This Summer Camp Just Churned Out 80 Activists

Kate Linthicum, Los Angeles Times, August 22, 2015

Growing up in wealthy Marin County, Yaqueline Rodas didn’t know many people like herself: a young immigrant from Guatemala in the country without legal status. She knew even fewer political activists.

So it was with amazement and a little anxiety that she found herself standing one morning in June in a circle with 82 strangers, each of whom had also been brought to the U.S. illegally as a child, and each of whom was now officially an activist-in-training.

It was the first day of Dream Summer, an annual program that brings young immigrants from across the country to Los Angeles for a 10-week crash course designed to produce the next generation of immigrant rights leaders.

As the students sipped coffee and exchanged shy introductions in a meeting room in the basement of a Koreatown church, Kent Wong, director of the UCLA Labor Center, which organized the program, explained the objective.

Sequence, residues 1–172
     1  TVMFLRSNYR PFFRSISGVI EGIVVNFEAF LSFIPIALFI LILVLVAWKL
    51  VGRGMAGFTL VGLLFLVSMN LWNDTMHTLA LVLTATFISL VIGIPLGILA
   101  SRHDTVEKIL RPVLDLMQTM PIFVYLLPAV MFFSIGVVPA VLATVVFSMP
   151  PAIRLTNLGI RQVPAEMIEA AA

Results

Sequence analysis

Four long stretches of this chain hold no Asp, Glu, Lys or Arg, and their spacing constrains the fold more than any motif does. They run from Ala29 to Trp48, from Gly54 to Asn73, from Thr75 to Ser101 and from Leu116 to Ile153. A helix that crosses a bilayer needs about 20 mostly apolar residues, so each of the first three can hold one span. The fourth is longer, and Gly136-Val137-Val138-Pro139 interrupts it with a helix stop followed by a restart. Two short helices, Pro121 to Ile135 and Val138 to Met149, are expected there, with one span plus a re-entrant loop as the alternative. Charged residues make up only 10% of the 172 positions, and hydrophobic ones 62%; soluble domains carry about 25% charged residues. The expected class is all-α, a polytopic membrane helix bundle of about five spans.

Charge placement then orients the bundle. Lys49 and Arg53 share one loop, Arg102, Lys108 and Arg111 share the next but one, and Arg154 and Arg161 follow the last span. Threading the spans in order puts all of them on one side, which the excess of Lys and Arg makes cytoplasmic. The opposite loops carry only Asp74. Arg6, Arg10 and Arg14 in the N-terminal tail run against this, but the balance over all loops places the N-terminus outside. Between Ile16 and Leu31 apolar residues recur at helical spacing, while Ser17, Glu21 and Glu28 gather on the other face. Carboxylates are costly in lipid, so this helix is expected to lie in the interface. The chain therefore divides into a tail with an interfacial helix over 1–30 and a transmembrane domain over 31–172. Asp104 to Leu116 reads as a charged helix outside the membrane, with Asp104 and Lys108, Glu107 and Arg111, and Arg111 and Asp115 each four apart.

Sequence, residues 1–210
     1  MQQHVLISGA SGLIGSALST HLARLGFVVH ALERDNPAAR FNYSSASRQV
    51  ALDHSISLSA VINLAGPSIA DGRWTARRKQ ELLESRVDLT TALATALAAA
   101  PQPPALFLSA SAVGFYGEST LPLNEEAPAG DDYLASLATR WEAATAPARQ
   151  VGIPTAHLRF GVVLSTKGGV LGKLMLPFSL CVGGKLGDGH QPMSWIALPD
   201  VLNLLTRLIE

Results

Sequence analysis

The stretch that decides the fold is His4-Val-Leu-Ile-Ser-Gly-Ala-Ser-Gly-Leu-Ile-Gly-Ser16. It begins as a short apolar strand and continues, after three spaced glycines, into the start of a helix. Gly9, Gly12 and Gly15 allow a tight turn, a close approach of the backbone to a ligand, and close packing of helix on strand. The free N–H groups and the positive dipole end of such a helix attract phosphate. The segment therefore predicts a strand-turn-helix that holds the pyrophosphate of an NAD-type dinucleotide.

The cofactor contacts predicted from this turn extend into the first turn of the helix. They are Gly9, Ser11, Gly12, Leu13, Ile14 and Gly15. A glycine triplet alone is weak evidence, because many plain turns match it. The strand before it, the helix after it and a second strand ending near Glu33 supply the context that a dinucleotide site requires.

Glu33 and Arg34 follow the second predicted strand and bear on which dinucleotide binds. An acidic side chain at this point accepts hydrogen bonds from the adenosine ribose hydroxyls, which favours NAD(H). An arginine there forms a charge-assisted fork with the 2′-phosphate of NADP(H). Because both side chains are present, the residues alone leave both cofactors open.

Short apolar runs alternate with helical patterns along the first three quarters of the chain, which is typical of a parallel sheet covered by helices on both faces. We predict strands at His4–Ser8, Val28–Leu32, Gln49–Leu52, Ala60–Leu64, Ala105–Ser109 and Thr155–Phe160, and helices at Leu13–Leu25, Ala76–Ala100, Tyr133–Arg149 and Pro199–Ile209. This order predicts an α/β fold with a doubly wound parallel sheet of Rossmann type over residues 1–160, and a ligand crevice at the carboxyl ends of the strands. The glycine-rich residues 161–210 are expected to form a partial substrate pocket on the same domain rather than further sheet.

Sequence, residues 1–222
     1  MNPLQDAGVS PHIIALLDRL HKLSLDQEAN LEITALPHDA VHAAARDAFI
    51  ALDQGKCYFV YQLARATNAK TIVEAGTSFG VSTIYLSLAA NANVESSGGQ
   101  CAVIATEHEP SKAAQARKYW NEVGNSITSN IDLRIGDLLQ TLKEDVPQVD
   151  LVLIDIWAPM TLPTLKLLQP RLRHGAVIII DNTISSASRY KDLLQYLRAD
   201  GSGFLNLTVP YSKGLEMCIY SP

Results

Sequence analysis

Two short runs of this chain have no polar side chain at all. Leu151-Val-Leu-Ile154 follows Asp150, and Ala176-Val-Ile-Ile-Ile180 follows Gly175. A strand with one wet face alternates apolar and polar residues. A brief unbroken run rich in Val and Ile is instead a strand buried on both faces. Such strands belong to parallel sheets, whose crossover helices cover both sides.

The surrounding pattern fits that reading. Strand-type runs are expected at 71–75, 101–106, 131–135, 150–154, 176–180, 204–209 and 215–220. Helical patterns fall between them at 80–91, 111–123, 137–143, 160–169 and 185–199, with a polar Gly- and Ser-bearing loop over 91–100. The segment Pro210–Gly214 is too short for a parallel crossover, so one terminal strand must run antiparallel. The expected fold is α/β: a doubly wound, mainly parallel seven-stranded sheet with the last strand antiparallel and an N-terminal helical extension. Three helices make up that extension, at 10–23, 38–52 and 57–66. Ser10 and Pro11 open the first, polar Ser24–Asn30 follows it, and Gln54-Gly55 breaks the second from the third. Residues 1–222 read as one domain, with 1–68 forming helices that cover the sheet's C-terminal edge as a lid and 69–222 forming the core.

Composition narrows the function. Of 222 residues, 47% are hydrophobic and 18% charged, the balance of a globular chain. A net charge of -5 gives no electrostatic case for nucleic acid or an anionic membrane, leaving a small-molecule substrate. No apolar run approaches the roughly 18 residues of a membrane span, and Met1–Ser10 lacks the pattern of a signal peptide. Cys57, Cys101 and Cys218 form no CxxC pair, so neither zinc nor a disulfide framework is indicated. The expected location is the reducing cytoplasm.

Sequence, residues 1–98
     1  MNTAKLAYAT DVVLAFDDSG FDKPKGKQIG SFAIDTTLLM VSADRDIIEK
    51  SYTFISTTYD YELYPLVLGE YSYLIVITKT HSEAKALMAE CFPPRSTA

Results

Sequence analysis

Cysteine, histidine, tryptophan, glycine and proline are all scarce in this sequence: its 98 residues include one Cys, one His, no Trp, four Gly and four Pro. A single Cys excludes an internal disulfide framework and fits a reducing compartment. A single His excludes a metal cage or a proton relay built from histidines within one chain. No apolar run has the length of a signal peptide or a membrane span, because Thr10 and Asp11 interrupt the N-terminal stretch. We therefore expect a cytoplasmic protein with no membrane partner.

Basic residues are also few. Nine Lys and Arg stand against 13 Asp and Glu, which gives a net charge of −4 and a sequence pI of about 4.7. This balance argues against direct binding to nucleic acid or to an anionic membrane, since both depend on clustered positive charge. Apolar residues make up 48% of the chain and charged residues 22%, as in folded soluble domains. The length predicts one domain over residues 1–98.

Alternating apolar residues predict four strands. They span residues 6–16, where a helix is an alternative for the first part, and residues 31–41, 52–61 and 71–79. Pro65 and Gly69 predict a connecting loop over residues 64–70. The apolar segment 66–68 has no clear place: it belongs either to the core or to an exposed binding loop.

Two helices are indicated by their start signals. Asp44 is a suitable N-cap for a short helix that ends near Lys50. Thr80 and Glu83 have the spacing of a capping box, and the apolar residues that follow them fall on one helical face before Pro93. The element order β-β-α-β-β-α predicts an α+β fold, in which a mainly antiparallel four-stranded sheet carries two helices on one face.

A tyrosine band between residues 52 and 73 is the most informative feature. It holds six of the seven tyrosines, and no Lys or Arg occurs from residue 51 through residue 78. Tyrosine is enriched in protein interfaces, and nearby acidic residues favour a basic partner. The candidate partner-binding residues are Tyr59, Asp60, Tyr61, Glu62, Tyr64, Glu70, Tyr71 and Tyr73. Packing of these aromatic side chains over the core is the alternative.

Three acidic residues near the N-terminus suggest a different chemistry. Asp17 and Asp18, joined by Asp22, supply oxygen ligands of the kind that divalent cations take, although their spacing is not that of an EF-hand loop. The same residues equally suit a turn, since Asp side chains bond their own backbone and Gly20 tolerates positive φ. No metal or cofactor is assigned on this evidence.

“It is to build a powerful social justice movement that will transform this country,” Wong said. He cracked a smile: “No pressure.”

Dream Summer, which concluded its fifth year Thursday with a graduation ceremony in downtown Los Angeles, has already changed the immigrant rights movement. Its alumni include many leading “Dreamer” advocates, including several who led the push for President Obama’s Deferred Action for Childhood Arrivals program. (DACA, as it is known, granted temporary deportation protection to more than half a million young immigrants brought to the U.S. as children.)

The program includes two weeks of workshops in Los Angeles on topics as varied as public speaking, the immigrant detention system and the history of the NAACP. Participants also spend eight weeks in internships at social justice organizations around the country.

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Other Dream Summer alumni would go on to lead efforts against Arizona Sheriff Joe Arpaio, known for controversial policies targeting immigrants in the country illegally, and to take on Obama’s deportation record. One graduate, Lorella Praeli, is now Latino outreach director for Democratic hopeful Hillary Rodham Clinton’s presidential campaign.

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